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Entries in 1001 MOVIES YOU MUST SEE BEFORE YOU DIE (third dozen)

These are expanded Chicago Reader capsules written for a 2003 collection edited by Steven Jay Schneider. I contributed 72 of these in all; here are the third dozen, in alphabetical order. — J.R.

Salt of the Earth
This rarely screened 1954 classic is the only major American independent feature made by communists; a fictional story about the Mexican-American zinc miners in New Mexico then striking against their Anglo management, it was informed by feminist attitudes that are quite uncharacteristic of the period. The film was inspired by the blacklisting of director Herbert Biberman, screenwriter Michael Wilson (A Place in the Sun), producer and former screenwriter Paul Jarrico, and composer Sol Kaplan, among others; as Jarrico later reasoned, since they’d been drummed out of Hollywood for being subversives, they’d commit a “crime to fit the punishment” by making a subversive film. The results are leftist propaganda of a very high order, powerful and intelligent even when the film registers in spots as naive or dated. Basically kept out of American theaters until 1965, it was widely shown and honored in Europe, but it’s never received the recognition it deserves stateside. Regrettably, its best-known critical discussion in the U.S. is in Pauline Kael’s final essay in her first collection — a 1954 broadside in which this film is ridiculed as “propaganda” alongside a forgettable cold war thriller, Night People, that’s skewered as “advertising”.… Read more »

Desperate Measures [OUT OF SIGHT & THE BRIGANDS: CHAPTER VII]

From the Chicago Reader (July 3, 1998). — J.R.

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Out of Sight

Rating * Has redeeming facet

Directed by Steven Soderbergh

Written by Scott Frank

With George Clooney, Jennifer Lopez, Ving Rhames, Don Cheadle, Dennis Farina, Albert Brooks, Steve Zahn, and Catherine Keener.

The Brigands: Chapter VII

Rating *** A must see

Directed and written by Otar Iosseliani

With Amiran Amiranachvili, Alexi Djakeli, Dato Gogibedachvili, Guio Tzintsadze, Nino Ordjonikidze, Keti Kapanadze, and Nino Kartsivadze.

Which would you rather see? A Hollywood thriller with hot stars whose director is so alienated from his material that he’s reduced to a kind of ingenious doodling while his characters disintegrate? Or a witty, despairing French-Russian-Italian-Swiss art movie set in 16th-century Georgia, Stalinist Georgia, contemporary Georgia, and contemporary Paris, whose writer-director is so much in command of his materials that he can plant the same actors in all four settings yet provide a seamless continuity?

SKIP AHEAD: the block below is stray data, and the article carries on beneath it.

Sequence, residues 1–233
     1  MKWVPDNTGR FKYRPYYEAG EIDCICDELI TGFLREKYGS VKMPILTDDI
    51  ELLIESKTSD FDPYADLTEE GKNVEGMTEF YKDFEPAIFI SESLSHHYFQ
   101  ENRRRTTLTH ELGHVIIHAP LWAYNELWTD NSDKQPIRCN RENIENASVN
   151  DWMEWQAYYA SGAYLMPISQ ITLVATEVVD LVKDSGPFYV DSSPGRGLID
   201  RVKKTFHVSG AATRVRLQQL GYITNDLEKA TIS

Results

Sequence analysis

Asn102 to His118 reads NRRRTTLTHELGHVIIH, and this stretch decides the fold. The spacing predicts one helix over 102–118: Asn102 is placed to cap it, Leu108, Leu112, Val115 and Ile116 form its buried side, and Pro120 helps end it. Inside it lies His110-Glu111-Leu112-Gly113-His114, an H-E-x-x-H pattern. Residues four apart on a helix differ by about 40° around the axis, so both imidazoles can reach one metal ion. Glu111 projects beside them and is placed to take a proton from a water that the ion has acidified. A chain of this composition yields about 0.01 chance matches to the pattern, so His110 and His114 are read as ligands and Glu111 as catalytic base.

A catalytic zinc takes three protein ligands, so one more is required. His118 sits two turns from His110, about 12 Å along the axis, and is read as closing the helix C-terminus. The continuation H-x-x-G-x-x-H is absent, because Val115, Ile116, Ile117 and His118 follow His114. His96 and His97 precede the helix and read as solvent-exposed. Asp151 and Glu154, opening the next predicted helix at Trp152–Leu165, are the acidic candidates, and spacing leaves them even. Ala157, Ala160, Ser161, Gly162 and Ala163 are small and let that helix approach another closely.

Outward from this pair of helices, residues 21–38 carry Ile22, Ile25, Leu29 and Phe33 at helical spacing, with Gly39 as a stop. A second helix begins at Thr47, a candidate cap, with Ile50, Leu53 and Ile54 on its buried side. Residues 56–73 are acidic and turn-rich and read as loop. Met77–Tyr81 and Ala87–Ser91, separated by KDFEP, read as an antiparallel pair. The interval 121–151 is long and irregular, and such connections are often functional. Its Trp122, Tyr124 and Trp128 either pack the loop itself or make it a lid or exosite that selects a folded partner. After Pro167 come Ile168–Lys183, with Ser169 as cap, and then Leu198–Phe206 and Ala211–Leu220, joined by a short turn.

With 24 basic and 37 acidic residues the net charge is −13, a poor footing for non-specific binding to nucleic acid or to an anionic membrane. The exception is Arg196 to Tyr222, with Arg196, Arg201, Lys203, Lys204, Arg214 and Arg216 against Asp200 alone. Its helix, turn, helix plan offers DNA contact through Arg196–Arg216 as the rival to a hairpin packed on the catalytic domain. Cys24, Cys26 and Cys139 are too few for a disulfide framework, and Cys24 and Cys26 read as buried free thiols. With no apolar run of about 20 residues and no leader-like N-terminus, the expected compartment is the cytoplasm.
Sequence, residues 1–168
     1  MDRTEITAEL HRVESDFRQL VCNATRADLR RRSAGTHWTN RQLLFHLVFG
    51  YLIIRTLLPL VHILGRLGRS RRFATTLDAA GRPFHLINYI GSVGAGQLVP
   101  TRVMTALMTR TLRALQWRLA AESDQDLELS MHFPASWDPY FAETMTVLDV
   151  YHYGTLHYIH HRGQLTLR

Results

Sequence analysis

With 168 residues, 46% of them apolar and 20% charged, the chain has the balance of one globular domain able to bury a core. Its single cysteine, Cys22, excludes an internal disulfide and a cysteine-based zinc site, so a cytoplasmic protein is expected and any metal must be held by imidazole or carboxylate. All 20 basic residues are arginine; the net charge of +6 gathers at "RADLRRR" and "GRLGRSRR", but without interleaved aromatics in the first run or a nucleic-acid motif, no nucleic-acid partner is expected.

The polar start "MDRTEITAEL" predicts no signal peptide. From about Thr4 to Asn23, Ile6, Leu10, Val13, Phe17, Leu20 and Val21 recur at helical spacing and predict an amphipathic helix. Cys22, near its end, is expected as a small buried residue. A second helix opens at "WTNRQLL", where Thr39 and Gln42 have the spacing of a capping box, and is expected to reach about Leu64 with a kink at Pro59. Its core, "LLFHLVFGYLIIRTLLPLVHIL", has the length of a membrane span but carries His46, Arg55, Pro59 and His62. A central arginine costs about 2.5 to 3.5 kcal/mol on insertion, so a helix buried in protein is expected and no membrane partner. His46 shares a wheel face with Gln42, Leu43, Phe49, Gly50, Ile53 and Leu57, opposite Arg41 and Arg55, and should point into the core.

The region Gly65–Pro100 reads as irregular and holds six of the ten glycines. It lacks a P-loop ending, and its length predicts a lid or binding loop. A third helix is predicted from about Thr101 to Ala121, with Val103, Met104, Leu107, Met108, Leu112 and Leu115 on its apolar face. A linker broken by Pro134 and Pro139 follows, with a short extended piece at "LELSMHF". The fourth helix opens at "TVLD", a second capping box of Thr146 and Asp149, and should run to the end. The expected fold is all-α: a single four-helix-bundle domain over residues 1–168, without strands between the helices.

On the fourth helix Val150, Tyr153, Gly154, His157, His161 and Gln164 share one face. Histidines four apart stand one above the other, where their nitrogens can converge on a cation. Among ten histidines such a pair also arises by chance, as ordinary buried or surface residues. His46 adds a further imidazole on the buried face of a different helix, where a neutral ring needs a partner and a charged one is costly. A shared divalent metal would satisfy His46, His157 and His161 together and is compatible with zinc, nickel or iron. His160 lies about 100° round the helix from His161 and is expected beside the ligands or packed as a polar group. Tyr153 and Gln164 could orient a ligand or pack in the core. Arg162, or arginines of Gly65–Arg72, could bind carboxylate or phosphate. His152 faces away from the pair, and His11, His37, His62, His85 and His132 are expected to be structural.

My question is mainly rhetorical because it’s already been decided for most people reading this. Out of Sight, a major Universal release written by Scott Frank and directed by Steven Soderbergh, is playing all over town and will be around for weeks; The Brigands: Chapter VII, written and directed by Otar Iosseliani, doesn’t even have a U.S.

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Two Deaths

From the October 1, 1996 Chicago Reader. — J.R.

TwoDeaths

I don’t know anything about the novel this Nicolas Roeg made-for-BBC film is drawn from — Stephen Dobyns’s The Two Deaths of Senora Puccini, adapted by Roeg’s longtime collaborator Allan Scott — but its mixture of metaphysical fireside tale and kinky guilt tripping reminds me of Graham Greene’s Doctor Fischer of Geneva. During a bloody 1989 student uprising in an unnamed country that seems to be somewhere in eastern Europe, a successful doctor (Michael Gambon) is holding his annual dinner for three of his former schoolmates and recounting in flashbacks the story of his sexual obsession with a schoolteacher (Sonia Braga) who despises him but now lives with him as his slave. As his three male guests relate their own sexual secrets and soldiers and police periodically break into the house, the pattern of an after-dinner parable laced with vague allegorical undertones gradually takes shape. The results are engaging (if unpleasant) as story-telling — and alternately striking and pretentious as only a Roeg film can be. With Patrick Malahide, Ion Caramitru, Nickolas Grace, and John Shrapnel. (JR)

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